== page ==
Organoids cultured using PancreaCult™ Organoid Growth Medium (Mouse) from freshly isolated pancreatic tissue fragments and plated in (A) Matrigel® domes or (B) as a dilute Matrigel® suspension. Organoids grown in either culture condition are typically ready for passage within 3 - 6 days.

Figure 4. Pancreatic Exocrine Organoids Display Markers of Pancreatic Progenitor and Ductal Cells

Pancreatic exocrine organoids grown in PancreaCult™ and stained for nuclei (DAPI, blue), ductal marker KRT19 (green) and pancreatic progenitor marker PDX1 (red). Organoids were imaged during passage 12 on day 5. Note: The folded appearance of epithelium is a function of cryosectioning and not representative of the shape of proliferating organoids.

Figure 5. Pancreatic Exocrine Organoids Retain Pancreatic Marker Expression During Passaging

Pancreatic organoids express stem cell markers and those typical of the pancreatic exocrine system, including (A) Axin2, (B) Krt19, (C) Muc1 and (D) Pdx1. Relative quantification (RQ) of each marker is reported relative to the 18S and TBP housekeeping genes and normalized to C57/Bl6 pancreatic tissue. Marker expression was assayed during early passages (passage 1-5) and late passages (passage 6-10).

Figure 6. Expansion of Organoids Grown in PancreaCult™ Organoid Growth Medium (Mouse)

Organoids cultured with PancreaCult™ Organoid Growth Medium (Mouse) show efficient growth over multiple passages. Cultures were split with an average split ratio of 1:16 at each passage.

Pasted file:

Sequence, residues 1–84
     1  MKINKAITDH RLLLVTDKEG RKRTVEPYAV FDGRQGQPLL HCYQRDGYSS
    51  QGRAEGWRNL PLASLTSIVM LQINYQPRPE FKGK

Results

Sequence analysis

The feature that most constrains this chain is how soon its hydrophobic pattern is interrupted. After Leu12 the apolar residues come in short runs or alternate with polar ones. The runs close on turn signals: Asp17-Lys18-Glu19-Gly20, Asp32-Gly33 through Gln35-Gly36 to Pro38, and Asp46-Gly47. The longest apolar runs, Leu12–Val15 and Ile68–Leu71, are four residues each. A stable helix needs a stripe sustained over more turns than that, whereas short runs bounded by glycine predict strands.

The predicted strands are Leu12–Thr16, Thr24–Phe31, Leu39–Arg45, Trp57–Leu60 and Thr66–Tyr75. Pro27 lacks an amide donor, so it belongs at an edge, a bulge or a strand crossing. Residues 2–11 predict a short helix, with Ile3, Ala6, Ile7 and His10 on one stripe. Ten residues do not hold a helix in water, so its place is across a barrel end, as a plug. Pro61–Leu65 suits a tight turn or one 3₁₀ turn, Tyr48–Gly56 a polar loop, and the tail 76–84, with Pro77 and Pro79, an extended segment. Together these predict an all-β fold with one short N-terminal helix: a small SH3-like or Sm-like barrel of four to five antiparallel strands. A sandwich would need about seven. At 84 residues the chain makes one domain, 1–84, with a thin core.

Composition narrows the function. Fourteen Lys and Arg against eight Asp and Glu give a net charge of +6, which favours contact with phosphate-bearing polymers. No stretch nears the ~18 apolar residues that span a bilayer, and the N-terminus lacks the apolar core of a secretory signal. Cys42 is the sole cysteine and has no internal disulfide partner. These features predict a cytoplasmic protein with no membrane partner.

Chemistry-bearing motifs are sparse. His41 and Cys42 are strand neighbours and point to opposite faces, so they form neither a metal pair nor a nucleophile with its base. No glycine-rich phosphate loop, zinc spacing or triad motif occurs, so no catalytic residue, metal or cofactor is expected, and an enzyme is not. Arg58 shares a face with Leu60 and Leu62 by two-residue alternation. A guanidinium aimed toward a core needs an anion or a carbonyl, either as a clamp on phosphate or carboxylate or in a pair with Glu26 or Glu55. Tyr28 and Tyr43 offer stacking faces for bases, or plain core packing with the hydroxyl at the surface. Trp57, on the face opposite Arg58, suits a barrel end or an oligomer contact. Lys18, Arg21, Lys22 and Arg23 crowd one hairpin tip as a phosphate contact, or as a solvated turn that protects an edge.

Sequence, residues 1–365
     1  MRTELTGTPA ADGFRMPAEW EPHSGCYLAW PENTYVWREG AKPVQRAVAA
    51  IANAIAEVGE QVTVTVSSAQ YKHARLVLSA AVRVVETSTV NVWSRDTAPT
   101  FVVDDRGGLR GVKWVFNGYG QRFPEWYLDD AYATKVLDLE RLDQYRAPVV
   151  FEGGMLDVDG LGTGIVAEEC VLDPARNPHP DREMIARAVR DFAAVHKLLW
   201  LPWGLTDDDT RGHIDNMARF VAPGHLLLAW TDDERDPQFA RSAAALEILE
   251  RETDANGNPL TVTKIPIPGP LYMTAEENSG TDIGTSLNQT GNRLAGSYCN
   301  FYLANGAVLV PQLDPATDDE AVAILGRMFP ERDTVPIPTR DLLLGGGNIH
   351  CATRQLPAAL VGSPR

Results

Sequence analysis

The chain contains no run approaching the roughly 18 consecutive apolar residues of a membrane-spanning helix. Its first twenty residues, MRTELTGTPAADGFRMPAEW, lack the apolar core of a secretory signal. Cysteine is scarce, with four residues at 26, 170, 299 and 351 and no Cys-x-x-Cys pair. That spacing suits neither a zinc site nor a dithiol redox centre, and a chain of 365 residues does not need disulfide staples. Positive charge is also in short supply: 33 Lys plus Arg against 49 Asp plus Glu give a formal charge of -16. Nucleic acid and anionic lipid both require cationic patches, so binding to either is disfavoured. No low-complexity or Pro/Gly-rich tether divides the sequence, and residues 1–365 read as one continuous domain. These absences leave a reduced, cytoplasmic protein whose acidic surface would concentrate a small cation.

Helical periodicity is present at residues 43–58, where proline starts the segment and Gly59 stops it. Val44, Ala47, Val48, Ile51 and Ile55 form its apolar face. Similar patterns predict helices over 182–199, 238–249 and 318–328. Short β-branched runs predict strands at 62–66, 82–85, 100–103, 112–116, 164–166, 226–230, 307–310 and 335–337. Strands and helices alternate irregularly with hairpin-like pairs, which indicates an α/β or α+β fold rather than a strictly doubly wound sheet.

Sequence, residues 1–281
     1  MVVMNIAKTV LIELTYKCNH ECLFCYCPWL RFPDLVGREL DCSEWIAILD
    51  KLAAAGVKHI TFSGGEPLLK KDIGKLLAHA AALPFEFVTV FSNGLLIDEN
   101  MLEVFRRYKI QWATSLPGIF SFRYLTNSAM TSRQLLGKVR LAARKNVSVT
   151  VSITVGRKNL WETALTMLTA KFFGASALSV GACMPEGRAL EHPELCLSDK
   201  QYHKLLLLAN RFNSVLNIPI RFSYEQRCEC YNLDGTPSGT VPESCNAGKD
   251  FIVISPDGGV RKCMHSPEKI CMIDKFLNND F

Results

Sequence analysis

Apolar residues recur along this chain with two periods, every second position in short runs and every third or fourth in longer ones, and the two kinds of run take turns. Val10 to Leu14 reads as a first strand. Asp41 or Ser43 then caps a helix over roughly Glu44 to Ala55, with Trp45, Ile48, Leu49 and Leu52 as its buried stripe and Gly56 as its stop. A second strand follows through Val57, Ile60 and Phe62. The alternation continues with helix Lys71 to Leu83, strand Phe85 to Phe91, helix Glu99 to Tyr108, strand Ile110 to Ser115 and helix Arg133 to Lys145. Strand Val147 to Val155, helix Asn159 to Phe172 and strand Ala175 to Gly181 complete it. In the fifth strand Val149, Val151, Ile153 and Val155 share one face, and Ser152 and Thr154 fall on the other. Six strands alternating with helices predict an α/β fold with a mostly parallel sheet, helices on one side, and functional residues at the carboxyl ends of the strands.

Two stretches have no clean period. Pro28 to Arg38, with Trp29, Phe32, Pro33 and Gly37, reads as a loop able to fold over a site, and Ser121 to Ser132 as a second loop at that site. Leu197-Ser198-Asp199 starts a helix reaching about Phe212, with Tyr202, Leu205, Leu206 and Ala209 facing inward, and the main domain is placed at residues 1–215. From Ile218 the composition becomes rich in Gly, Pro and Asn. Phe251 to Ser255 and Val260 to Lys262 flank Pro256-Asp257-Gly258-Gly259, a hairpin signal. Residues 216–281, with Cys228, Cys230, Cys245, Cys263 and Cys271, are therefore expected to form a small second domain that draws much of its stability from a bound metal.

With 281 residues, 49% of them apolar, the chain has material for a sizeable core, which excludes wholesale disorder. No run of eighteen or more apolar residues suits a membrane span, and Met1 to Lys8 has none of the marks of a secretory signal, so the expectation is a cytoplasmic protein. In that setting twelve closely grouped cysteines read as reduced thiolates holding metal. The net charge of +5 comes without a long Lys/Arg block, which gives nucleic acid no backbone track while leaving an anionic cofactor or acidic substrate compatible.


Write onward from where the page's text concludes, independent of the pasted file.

Figure 7. Pancreatic Exocrine Organoids Provide a Model for Pancreatic Carcinomas

PancreaCult™ Organoid Growth Medium (Mouse) supports the growth of organoids from pancreatic carcinomas. Pancreatic ducts were isolated from KPC mice (Kras+/LSL-G12D; Trp53+/LSL-R172H; Pdx1-Cre) and cultured in PancreaCult™ Organoid Growth Medium (Mouse). Organoids were imaged on (A) day 4 of primary culture and (B) day three after the first passage. An activated KRAS genotype was retained in organoids during culture. Data used with permission from Dr. David Tuveson.


Cell 2019

A Multiscale Map of the Stem Cell State in Pancreatic Adenocarcinoma.

N. K. Lytle et al.


Drug resistance and relapse remain key challenges in pancreatic cancer. Here, we have used RNA sequencing (RNA-seq), chromatin immunoprecipitation (ChIP)-seq, and genome-wide CRISPR analysis to map the molecular dependencies of pancreatic cancer stem cells, highly therapy-resistant cells that preferentially drive tumorigenesis and progression. This integrated genomic approach revealed an unexpected utilization of immuno-regulatory signals by pancreatic cancer epithelial cells. In particular, the nuclear hormone receptor retinoic-acid-receptor-related orphan receptor gamma (ROR$\gamma$), known to drive inflammation and T cell differentiation, was upregulated during pancreatic cancer progression, and its genetic or pharmacologic inhibition led to a striking defect in pancreatic cancer growth and a marked improvement in survival. Further, a large-scale retrospective analysis in patients revealed that ROR$\gamma$ expression may predict pancreatic cancer aggressiveness, as it positively correlated with advanced disease and metastasis. Collectively, these data identify an orthogonal co-option of immuno-regulatory signals by pancreatic cancer stem cells, suggesting that autoimmune drugs should be evaluated as novel treatment strategies for pancreatic cancer patients.